# Problem with the dimensions of electric susceptibility

A book says that when a linear isotropic dielectric is placed in an outer electric field $\mathbf{E}$, then the polarization per unit volume of the dielectric is $\mathbf{P}=\chi\mathbf{E}$, where $\mathbf{P}$ and $\mathbf{E}$ are vector quantities, and $\mathbf{P}$ is the polarization per unit volume of the dielectric. Then the book says that $\chi$, which is electric susceptibility of the dielectric medium, is a dimensionless quantity. How can this be?

• From Wikipedia I see $\vec{P} = \varepsilon_0 \chi \vec{E}$ in International System units. Maybe your textbook uses cgs units... – Matteo Oct 10 '17 at 22:43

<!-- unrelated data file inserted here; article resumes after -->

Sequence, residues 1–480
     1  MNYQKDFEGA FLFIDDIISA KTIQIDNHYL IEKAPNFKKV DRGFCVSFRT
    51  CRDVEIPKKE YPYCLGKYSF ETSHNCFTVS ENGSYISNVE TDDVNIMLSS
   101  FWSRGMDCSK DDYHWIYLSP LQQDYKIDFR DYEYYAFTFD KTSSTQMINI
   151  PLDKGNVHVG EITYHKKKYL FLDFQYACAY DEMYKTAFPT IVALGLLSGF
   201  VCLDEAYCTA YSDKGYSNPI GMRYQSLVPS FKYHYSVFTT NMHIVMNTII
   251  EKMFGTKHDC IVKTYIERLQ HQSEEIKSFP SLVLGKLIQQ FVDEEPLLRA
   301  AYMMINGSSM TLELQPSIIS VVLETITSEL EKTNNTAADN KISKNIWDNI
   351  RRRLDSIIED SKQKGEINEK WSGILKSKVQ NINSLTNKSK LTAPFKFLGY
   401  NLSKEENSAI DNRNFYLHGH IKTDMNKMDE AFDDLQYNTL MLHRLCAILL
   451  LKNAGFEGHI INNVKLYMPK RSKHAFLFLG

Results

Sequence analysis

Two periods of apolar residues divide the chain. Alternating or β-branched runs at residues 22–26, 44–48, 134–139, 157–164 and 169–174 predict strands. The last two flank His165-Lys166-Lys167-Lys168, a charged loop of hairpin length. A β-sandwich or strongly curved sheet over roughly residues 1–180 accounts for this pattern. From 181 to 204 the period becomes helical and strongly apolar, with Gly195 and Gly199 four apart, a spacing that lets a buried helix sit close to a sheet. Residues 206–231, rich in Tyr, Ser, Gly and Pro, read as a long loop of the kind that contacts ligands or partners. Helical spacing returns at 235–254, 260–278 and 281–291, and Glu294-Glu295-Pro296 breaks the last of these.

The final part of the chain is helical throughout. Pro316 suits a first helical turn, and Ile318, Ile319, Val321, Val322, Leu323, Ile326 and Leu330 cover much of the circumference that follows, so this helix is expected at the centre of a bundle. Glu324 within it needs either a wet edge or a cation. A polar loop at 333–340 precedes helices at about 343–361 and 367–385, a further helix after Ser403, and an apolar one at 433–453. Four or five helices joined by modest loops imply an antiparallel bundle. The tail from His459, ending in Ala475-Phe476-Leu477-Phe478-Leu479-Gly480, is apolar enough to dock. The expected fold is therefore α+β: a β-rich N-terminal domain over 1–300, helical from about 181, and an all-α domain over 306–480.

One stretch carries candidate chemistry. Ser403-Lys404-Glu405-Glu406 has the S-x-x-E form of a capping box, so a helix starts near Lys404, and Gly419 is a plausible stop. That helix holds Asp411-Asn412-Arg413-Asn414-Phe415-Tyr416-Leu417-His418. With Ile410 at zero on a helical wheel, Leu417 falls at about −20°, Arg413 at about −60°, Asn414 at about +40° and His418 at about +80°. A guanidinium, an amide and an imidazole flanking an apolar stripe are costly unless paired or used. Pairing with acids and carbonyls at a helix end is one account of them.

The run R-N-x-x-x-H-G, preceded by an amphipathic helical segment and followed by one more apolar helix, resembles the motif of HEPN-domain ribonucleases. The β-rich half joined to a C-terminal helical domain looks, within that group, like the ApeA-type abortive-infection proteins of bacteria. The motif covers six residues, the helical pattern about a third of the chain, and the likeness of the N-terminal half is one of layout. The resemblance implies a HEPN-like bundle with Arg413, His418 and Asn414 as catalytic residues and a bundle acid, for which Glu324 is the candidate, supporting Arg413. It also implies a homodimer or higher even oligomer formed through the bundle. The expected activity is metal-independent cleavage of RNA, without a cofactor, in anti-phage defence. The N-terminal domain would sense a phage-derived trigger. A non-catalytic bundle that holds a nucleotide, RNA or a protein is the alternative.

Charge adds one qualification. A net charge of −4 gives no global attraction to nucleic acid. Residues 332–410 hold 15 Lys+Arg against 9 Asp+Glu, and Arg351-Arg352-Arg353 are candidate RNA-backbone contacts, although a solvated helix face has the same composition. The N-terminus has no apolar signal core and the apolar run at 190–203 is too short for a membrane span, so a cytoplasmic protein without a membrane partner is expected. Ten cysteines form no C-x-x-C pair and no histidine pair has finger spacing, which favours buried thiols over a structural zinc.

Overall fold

In SI units the electric susceptibility $\chi$ is defined by the equation $\mathbf{P} = \epsilon_0 \chi \mathbf{E}$ which relates the polarization per unit volume $\mathbf{P}$ to the electric field $\mathbf{E}$ and $\epsilon_0$ is the free space permittivity.The electric susceptibility $\chi$ is a dimensionless quantity related to the relative permittivity $\epsilon$ of a material by $\chi = \epsilon-1$. In Gaussian units you have the susceptibility defined by $\mathbf{P} = \chi\mathbf{E}$. The electric susceptibility is dimensionless in both unit systems. Note: Although the electric susceptibilities are dimensionless in both unit systems they do not have the same numerical value. The value of the electric susceptibility in SI units differs from the electric susceptibility in Gaussian units by a factor of $4\pi$.